Slag is not coal mining waste. Slag is what is left in a furnace after the iron making process.

Comment by: Weather Woman on 25th November 2022 at 07:30

The slag heaps in Standish Lower Ground and Upper Shevington where coal waste.

Comment by: Dave Swedefield on 25th November 2022 at 11:05

You surprise us Weather Woman, we was thinking that they would be heaps of waste gold like they are in London

Comment by: Pw on 25th November 2022 at 11:12

There were slag heaps near the Deep pit lodge in Hindley that came from the iron works and they were like solid rock.Always called pit waste rucks.In the 60’s I recall a bloke coming in an horse draw gypsy type caravan coming to old pit rucks down Liverpool Rd Hindley and levelling out plots and planting various things.He was botanist and his job was to find out what would grow on pit rucks.He came back for a few years to measure the plants.Brian Truman came with a camera crew and interviewed him for Scene at 6:30 and it was shown on TV,a few of my mates were in the shots.He was a nice bloke and let us help him.He used to go into the Bridgewater pub and his horse liked a drink of beer.

Comment by: Wigan Mick on 25th November 2022 at 12:33

Hindley Slag Heaps are still there, I went for a bike ride around them about 5 years ago.


Comment by: Pw on 26th November 2022 at 10:57

Watched your video Mick but not sure if these are the slag heaps up near Deep pit which is off Ladies Lane.The ones in the video look like the pit rucks going towards Hindley Green,spent many hours on my bike on these rucks years ago.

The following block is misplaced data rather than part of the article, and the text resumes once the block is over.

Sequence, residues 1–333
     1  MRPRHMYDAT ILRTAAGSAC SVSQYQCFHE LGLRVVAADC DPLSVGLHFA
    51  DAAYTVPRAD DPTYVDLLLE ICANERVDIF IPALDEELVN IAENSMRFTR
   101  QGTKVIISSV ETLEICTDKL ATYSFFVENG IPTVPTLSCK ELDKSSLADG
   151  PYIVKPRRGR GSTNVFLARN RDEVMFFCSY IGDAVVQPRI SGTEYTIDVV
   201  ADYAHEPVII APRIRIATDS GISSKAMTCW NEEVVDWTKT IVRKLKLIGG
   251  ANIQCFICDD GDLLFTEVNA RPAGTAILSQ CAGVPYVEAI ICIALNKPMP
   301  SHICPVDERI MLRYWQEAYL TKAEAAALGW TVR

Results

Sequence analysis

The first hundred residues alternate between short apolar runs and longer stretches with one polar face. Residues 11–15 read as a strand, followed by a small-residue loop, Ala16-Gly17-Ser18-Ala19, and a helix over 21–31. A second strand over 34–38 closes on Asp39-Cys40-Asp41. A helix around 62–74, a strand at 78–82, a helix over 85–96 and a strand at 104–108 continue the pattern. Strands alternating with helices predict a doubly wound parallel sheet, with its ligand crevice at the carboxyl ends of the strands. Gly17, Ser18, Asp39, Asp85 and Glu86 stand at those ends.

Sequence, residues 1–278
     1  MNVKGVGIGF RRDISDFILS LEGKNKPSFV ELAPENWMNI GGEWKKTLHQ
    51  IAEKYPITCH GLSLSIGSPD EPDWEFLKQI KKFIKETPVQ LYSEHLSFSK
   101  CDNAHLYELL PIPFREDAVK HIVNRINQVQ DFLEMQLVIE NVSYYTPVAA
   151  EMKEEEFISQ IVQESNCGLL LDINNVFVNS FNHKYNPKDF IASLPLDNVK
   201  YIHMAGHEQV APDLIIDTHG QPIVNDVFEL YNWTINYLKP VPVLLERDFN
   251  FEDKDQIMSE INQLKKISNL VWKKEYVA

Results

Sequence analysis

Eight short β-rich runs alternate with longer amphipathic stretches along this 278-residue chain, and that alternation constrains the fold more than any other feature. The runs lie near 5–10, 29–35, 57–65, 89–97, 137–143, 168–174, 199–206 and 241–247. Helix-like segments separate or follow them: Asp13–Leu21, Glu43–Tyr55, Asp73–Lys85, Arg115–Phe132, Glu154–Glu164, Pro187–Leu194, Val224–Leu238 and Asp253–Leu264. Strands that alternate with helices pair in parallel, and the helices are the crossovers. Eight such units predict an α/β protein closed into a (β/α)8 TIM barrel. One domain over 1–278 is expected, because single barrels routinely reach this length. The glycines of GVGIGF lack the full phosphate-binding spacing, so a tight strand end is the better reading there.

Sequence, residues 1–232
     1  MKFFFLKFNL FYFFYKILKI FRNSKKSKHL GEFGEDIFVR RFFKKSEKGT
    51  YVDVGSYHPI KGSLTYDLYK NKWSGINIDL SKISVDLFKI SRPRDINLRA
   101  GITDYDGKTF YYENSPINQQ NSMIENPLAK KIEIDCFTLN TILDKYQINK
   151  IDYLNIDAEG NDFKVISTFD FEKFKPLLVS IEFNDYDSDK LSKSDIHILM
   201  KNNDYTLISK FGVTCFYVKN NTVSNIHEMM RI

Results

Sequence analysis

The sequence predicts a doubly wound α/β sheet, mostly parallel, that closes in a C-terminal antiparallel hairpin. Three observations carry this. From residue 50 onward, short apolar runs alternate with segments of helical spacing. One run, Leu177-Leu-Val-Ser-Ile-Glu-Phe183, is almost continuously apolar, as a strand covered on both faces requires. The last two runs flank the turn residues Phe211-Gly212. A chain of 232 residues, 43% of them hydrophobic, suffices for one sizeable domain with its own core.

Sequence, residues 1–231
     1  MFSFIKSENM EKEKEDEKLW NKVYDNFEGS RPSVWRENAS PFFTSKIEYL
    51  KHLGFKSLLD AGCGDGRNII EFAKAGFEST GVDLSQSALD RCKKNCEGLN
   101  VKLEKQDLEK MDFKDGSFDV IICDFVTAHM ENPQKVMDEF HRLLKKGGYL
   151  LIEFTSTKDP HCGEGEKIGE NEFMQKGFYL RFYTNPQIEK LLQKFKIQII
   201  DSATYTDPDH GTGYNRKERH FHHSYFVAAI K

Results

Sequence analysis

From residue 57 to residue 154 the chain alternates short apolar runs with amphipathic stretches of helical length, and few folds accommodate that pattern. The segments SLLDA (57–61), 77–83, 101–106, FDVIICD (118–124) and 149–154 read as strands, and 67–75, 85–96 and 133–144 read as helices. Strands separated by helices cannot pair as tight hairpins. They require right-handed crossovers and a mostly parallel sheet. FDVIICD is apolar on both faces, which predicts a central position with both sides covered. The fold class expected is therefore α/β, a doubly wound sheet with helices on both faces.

Comment by: The Real James Hanson on 26th November 2022 at 17:37

I've always known colliery waste piles as 'slag heaps'.
I've also known them to be called 'rooks', 'stuff rooks', 'stuffies', rucks', 'slack heaps', 'slackies' and 'th'hills'.
If you look on th'internet, you'll find that 'slag heaps' is used quite a lot, although those who are 'proper', ie. those who never lived near / played on / worked in the industry which created them use the names 'spoil heaps' or 'coal mine refuse heaps'.
The Aberfan 'Slag Heap' Disaster was highly publicised.

Comment by: DTease on 26th November 2022 at 19:11

Slag. Noun.
stony waste matter separated from metals during the smelting or refining of ore.
'the burning liquid iron was forming a scum of slag'

Comment by: John Noakes on 27th November 2022 at 02:36

Slag Heap - A man-made mound or heap formed with the waste material (slag) as a by-product of coal mining. Can also refer to the waste by-product from a foundry or furnace, formed into such a mound.

The Slag Heaps of Loos-en-Gohelle - These are slag heaps, the residue of 130 years of mining in the rich coal seam underneath

Coal slag heap designated World Heritage site - France’s Nord-Pas de Calais Mining Basin—along with its mining pit, workers’ quarters and slag heap

Slag Heaps - Leftover unprocessed waste materials displaced during mining piled in 'heaps.' The piles are of overburden, the waste rock or materials overlying an ore or mineral vein that are displaced without being processed.

Staffordshire Survey - One person said "we used to have more pyramids than Egypt .... except they were pit slag heaps"

.Wales needs £500m-£600m to make abandoned slag heaps safe. Devolved government asks for UK help to deal with dangerous legacy of coal mining

Each slag heap is imbued with the history of coalmining, which has left its mark on the landscape

Welsh mine worker wearing ragged patched and ripped clothes standing on a sack of coal on rough ground at a slag heap

Southern Street, Pemberton, backing on to the slag heaps of the old Pemberton Colliery

once used as a slag heap by local collieries at Low Hall

Orwell describes what he saw from the canal side. "All round was the lunar landscape of slag-heaps

Comment by: DTease on 28th November 2022 at 05:46

Orwell was describing Top Place at Kirkless. The slag heap there came from the furnaces of Wigan Coal And Iron.

Comment by: John Noakes on 28th November 2022 at 23:02

Could he not have been describing the canalside slag heaps of Rose Bridge Colliery in Ince? or, perhaps, the slag heaps of the Ince and Ashton in Makerfield collieries which were close to the Leigh canal branch? After all, in the same sentence he describes the 'flashes', which we all know are not near Aspull at all.